Sunday, January 19, 2014

Republicans' Daunting Math in 2016

Dan Balz:
Republicans won 16 states in each of the six elections during that period (1980-2000) and won an additional four states in five of the six. That added up to 179 electoral votes, based on census apportionments in 2000. Today, those 20 states account for 193 electoral votes as a result of the population shift from north to south. Democrats won just one state — Minnesota — plus the District of Columbia in all six elections. They counted only two more states where they won five of six. Together, those four accounted for just 21 electoral votes.
From 1980-2000, 10 states were up for grabs, with each party winning them three times over six elections. They accounted for 155 electoral votes in 2000, and 147 today. What has happened to those once-contested states highlights the dramatic change that has taken place since, namely a shift of some major states toward the Democrats.
From 1992-2012, Democrats built a base that rivals or exceeds that of the Republicans in the earlier period. Eighteen states and the District have voted Democratic in each of the six presidential elections. They represent a total 242 electoral votes, according to the current allocation. Three other states, with a total of 15 electoral votes, have backed the Democrats five times.
Meanwhile, Republicans won 13 states in those six elections, but because most of them were smaller states, their electoral votes totaled just 102. The biggest consistent GOP state in this period has been Texas, with 38 electoral votes. Five other states backed the GOP nominee in five of the six elections, for an additional 56 electoral votes.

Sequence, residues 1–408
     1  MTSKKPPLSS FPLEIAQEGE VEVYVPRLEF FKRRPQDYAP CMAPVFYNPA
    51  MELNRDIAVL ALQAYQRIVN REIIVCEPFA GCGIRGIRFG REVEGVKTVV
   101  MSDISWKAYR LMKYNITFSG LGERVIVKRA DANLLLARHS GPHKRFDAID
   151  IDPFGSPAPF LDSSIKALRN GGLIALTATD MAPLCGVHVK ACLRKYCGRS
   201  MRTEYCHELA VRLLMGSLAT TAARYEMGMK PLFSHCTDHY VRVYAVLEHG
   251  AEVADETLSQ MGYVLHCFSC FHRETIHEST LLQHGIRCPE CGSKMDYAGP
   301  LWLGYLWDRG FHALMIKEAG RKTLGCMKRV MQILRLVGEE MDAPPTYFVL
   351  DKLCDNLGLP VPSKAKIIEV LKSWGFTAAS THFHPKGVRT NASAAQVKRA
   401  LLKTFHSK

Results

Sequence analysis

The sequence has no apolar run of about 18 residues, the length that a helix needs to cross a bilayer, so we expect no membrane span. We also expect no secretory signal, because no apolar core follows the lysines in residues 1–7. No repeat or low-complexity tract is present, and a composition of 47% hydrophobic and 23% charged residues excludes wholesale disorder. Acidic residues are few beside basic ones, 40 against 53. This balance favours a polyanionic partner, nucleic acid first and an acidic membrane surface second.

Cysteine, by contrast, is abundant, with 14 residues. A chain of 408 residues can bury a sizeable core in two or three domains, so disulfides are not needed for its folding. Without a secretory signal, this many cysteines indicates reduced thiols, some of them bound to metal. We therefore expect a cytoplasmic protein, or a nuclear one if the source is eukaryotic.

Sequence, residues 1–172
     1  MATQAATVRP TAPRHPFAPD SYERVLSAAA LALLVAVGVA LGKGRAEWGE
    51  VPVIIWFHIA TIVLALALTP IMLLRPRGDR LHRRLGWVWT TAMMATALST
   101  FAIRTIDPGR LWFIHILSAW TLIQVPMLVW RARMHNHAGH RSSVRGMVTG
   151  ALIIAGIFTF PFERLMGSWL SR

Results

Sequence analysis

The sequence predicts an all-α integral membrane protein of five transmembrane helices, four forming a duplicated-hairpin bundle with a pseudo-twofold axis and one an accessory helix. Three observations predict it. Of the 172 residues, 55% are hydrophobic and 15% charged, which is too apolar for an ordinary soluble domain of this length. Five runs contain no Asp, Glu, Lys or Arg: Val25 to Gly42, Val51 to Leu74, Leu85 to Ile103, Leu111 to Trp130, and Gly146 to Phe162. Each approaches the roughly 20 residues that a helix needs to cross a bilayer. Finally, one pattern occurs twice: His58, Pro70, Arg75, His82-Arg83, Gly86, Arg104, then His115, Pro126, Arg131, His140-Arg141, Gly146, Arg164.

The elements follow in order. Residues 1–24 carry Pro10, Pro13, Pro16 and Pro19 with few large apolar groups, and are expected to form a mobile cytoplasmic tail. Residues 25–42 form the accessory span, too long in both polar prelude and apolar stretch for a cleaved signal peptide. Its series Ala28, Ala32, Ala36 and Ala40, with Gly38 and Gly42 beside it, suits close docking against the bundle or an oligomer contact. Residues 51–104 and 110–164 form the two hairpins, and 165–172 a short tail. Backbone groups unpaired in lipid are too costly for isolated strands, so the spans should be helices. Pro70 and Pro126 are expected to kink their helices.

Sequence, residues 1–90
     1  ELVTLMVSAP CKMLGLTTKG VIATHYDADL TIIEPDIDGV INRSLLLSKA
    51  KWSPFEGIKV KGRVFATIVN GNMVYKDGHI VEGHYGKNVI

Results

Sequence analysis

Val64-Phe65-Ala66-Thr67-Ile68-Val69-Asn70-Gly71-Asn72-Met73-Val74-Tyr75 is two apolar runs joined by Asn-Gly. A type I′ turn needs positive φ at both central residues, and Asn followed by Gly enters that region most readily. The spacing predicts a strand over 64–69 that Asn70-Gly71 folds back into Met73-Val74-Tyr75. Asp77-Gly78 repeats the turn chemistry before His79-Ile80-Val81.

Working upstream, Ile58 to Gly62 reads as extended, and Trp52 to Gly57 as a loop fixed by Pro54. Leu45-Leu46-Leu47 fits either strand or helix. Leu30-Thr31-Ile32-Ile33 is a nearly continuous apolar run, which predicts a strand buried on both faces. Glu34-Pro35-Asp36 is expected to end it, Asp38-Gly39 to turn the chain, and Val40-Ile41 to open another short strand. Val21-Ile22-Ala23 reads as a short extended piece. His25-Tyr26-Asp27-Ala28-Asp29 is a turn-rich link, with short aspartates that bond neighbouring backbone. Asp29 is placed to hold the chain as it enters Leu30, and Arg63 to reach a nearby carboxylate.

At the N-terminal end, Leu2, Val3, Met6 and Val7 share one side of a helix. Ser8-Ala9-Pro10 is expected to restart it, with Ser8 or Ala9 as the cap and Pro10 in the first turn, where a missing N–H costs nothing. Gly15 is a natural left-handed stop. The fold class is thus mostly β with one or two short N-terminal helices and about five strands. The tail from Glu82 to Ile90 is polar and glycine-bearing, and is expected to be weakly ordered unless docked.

Adding together the states that voted Republican or Democratic in at least four of the six elections gave Democrats 281 electoral votes and Republicans 219. Only two states — Colorado and Florida, with a total of 38 electoral votes — were won three times for each party in those six elections.
Republicans' focus on rural, white, elderly and wealthy folks at the expense of everybody else just doesn't seem like good planning in a representative government in which the electorate is becoming more urban, browner, and generally less well-off financially (the population is aging, but Republican policies targeting Social Security and Medicare puts that interest group at risk, also).  The radical "conservative" Tea Party agenda, and an absolutely terrible looking bunch of candidates will probably doom the Republicans to another beatdown in 2016, barring financial collapse, an Obamacare-induced health care meltdown or some tremendous political scandal (not Benghazi or the IRS bullshit).  Luckily for the Republicans, gerrymandering, vote suppression, unlimited political contributions and low voter turnouts in  off-year elections will allow them to remain somewhat relevant long enough for them to try to reform the party to become more competitive amongst younger demographics.  Now, will they actually take the opportunity?  I don't know.

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